The humpback moves one square diagonally or one square straight backwards. (This is precisely the reversed of the moves of the silver general from Shogi.)

    The grey whale moves straight forward as a rook, and diagonally backwards as a bishop. (So, it moves like a queen but only in three of the possible eight directions.)

    The narwhal moves either one square to the left, one square to the right, one square straight backwards, or exactly two squares straight forwards. In the latter case, the narwhal may jump over a possible piece.

    The blue whale moves one square straight or diagonally forwards, or one square straight backwards. (So, it can move in four different directions.)

    The dolphin moves one square straight forward. (As all other pieces in this game, dolphins take in the same way as they move, thus differing from the chess-pawns.) When a dolphin is on the last rank of the board at the opponents side, it may make one move as a bishop: after that, he moves again only one square forward, until he reaches again the last rank.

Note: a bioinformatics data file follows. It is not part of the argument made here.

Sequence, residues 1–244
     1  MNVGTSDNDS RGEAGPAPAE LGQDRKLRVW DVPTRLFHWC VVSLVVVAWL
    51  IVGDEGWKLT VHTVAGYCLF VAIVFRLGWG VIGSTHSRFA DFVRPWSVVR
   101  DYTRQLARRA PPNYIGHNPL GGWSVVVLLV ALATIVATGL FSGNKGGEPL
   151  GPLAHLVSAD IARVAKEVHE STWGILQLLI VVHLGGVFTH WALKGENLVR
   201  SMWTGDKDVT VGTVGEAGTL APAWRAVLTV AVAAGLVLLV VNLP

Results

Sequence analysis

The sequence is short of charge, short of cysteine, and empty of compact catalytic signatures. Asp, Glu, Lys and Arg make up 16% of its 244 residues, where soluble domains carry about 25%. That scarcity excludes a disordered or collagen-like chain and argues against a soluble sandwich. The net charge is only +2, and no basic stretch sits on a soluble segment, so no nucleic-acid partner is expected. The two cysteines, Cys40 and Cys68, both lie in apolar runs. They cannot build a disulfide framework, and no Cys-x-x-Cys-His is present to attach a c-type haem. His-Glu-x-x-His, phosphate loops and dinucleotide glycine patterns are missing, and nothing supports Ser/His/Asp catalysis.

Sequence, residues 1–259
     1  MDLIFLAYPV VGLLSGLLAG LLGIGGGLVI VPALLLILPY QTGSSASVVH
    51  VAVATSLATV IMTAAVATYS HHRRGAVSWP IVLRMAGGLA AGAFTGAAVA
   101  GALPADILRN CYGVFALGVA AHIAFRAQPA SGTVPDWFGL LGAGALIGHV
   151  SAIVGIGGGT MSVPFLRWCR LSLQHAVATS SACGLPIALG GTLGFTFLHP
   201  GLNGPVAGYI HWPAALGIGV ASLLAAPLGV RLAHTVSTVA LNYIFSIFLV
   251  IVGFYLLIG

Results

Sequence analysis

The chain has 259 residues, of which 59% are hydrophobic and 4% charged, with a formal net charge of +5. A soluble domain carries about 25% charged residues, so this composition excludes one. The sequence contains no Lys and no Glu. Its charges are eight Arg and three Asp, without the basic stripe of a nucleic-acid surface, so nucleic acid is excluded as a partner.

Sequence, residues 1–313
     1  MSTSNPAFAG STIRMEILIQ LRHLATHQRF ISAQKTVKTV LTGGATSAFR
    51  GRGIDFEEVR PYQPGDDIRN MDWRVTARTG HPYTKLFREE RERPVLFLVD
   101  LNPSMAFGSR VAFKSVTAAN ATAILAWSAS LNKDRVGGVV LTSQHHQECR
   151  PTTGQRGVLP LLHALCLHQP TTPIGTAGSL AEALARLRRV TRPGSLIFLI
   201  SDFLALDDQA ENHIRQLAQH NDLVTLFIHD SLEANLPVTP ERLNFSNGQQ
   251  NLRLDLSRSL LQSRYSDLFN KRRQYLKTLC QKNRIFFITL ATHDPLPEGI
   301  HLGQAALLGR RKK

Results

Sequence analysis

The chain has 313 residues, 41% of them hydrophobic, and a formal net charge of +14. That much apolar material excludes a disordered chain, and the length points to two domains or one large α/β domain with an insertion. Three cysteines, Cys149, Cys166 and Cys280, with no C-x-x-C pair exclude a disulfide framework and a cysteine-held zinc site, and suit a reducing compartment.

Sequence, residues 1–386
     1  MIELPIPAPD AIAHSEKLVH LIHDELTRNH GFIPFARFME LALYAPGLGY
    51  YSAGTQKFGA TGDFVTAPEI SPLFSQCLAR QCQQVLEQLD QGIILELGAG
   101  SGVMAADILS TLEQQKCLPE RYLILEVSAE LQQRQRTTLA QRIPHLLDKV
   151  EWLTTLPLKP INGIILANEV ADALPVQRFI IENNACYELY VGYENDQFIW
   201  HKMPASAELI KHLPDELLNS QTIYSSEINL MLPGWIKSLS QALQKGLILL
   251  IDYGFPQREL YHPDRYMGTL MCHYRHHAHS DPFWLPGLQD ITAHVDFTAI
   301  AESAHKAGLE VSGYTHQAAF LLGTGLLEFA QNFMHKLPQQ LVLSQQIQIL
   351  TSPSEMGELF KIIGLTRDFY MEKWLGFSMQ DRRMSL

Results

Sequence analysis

Finally, there is the extra piece, the killer whale, which comes into play after taking a porpoise of the opponent (see below). It has the combined moves of king and rook, i.e., it moves horizontally or vertically an arbitrary number of unobstructed squares like a rook, or one square diagonally.

    Drops

    As in Shogi, pieces taken from the opponent can be used as reinforcements: instead of making a normal move, a player can put one of the pieces he took earlier in the game from the opponent, and put this piece on an empty square; it is now one of his own pieces.